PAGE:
The Imperfectionists by Tom Rachman

If you just want a quick “bottom line,” here it is: read this book. It is so good. Let me warn you, however–it is not a novel in the traditional sense, but rather a series of vignettes taking place in or about the same Rome-based English language newspaper (think International Herald Tribune) at different times, with some characters from each chapter popping up as bit players or as the main attraction of other chapters.

This bothered me at first because I thought I was reading a traditional novel, but also, and more to the point, the writing captured me immediately, and I was so drawn into the first story that I wanted more. Once I realized the structure of the book, however, I went with it and just loved it.

So, rather than review each plot or character, let me say that Tom Rachman can write. The characters, the plots, the themes, the descriptions, the metaphors, everything is a pleasure. Loosely, the time period covers from 1953, when wealthy businessman Cyrus Ott decides to found an international newspaper in Rome, and progresses through to 2007, with Ott’s grandson Oliver at the helm.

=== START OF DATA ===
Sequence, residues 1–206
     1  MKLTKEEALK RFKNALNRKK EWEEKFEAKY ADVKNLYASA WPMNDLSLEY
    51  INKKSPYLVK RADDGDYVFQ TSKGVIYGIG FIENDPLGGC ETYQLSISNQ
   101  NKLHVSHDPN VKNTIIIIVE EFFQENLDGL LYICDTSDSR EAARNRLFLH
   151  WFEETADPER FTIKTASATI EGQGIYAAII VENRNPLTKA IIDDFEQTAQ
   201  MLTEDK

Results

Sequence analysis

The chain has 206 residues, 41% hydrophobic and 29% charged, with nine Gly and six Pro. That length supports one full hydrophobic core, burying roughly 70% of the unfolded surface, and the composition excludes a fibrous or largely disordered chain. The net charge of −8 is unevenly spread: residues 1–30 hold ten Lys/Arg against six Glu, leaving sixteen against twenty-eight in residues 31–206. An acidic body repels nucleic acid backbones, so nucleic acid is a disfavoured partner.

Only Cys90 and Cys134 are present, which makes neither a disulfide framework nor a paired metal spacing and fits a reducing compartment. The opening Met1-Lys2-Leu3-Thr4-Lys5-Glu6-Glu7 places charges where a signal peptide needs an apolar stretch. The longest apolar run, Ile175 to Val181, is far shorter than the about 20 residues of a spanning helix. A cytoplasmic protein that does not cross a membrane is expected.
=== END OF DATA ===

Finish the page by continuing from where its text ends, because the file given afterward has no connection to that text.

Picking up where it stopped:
The structure of alternating chapters charts the ravages of time and progress on the paper itself, followed by a chapter that illuminates the (sometimes ravaged) lives of those who work for it. Rachman is so good at drawing his characters that you feel you know them in the short time you’re with them, and you also get a feel for what it’s like to be a journalist. Yikes!

Along with the superb characters and their stories is the setting of Rome, a place where I have been but I don’t know well. Rachman knows it well and seems to love it; I was reminded of Ian McEwan’s treatment of London in Saturday. The Imperfectionists made me want to go to Rome!

I highly recommend this book. It’s compelling, it’s clever, it’s original, and it’s a darn-tooting good read. Is it a good choice for a book club? Well, I think it could be tricky because of its structure, but if you have a group that really concentrates and will sit and draw connections between all the vignettes, then it could work. If you have a chatty club that doesn’t focus well or have structured discussions, then I’d suggest you choose a more traditional novel.

Tell me what you think about The Imperfectionists. And Tom Rachman, if you’re reading this, please write another book soon!

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